all my “pain”was due to a “bile leak” but I remember the first day I was admitted 4 days after the gallbladder removal I was in constant pain and the XR and CT say there were surgical clips and “suspicious for biliary leak. I’m now 19 (this was in Jan 2017) but the hospital missed my gallbladder attacks in 3 diff hospital visits (8/9/16, 12/30/16,12/31/16, and 1/6/17 but the surgeon was too busy it’s a small hospital they don’t even have a pediatric unit so I had to keep going to the adult ER (they diagnosed me with unspecified chest pain (12/30) and gastritis and unspecified chest pain (12/31). They realized what it was (1/6) after a visit with my PCP (1/5). On 1/6 at my er visit they suggested I go to a pediatric hospital to have the surgery but then reassured me saying I could get it there and they’d set me up with one of their surgeons. Keep in mind, I was still 17. Surgery couldn’t be scheduled until (1/20/17) because the hospital couldn’t do a nuclear medicine test they were too booked, I had to go to the main campus of Cleveland Clinic which took weeks to get an appointment. Ok anyways, after surgery I immediately was in pain post op and couldn’t walk. They still sent me home and i came back 4 days later (1/24) but they removed those records from being accessible to me because they diagnosed me with CONSTIPATION and sent me home. I sat home and couldn’t move, breathe or go to the bathroom. I had my parents buy me 3 heating pads for the pain- one for my abdomen- 2 for my shoulders/back because the pain radiated through my body and it hurt too bad to walk I did not go back to the hospital until (1/29) right before they admitted me (1/29/17?? —- they marked all my ER stays as “telephone calls” to the original surgeon who did my surgery)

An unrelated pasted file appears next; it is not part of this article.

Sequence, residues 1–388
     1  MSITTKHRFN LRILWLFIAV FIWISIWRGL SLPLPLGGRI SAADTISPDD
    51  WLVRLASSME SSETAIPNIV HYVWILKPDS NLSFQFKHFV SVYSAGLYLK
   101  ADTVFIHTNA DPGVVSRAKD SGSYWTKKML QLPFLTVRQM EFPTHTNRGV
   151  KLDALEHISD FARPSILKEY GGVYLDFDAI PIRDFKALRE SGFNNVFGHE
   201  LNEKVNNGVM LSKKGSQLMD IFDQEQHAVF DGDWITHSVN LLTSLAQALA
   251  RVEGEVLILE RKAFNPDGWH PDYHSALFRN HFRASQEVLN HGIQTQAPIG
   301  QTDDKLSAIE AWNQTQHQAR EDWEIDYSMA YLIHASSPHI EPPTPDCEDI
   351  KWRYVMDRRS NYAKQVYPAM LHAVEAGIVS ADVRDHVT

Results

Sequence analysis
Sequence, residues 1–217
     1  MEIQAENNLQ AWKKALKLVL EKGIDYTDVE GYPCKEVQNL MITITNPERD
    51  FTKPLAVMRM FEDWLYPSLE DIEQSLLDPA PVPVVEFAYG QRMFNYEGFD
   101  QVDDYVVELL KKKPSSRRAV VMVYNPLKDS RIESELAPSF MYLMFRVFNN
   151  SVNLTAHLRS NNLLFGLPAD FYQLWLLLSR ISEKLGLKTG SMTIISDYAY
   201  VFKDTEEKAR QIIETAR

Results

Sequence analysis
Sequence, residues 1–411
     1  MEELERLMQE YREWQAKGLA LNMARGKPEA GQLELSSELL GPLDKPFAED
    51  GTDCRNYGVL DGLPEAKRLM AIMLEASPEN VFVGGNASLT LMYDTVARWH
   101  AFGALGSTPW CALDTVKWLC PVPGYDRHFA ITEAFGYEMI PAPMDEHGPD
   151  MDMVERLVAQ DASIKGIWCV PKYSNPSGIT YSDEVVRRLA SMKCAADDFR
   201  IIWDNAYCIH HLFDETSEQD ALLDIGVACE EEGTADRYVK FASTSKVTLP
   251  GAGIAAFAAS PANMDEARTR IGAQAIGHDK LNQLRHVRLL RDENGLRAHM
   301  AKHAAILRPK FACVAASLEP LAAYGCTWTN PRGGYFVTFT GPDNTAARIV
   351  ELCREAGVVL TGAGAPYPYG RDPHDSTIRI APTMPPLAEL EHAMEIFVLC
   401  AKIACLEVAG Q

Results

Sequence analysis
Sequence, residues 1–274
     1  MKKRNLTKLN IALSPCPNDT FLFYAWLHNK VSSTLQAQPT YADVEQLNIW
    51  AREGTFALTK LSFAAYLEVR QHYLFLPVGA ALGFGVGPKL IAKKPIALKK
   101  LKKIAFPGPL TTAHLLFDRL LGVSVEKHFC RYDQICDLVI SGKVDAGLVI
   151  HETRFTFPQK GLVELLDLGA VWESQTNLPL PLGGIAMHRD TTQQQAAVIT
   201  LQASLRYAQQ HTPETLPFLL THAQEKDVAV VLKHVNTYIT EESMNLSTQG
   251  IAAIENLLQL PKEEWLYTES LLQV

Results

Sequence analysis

all it says in my MyChart is “hospital stay” (2/1-2/2) and procedure (1/20) then telephone call (1/24) telephone call (1/25) and the ER visits

    On (1/29/17)
    after (6-8mg) of morphine overnight on (1/31) (they edited the times and dates out of order so this is the part I cant figure out) It says 2mg (18:30 and 23:57) then it also says 4mg given once at (20:05)

    and aparently gave me 5 doses of narcan between 1/31-2/2/17.

    – they told me at this point all of my pain is from a bile leak

    I had an ERCP to place a stent on (1/31/17) and then was released on (2/2/17) and came back for the stent removal (4/10/17) I’m confused and super upset I dont know where to begin. I still have pain from the gallbladder attacks constantly it’s just a dull pain, it helps if i smoke cannabis but i’d never rely on opioids or anything else for pain relief. Is this a medical malpractice or am I overreacting? Any advice would be appreciated!

    1. You need an attorney for your case. But, the hospital needs to be reported to the Joint Commission on Accreditation of Healthcare Organizations (JCAHO) and the State Board of Medicine Office of Misconduct.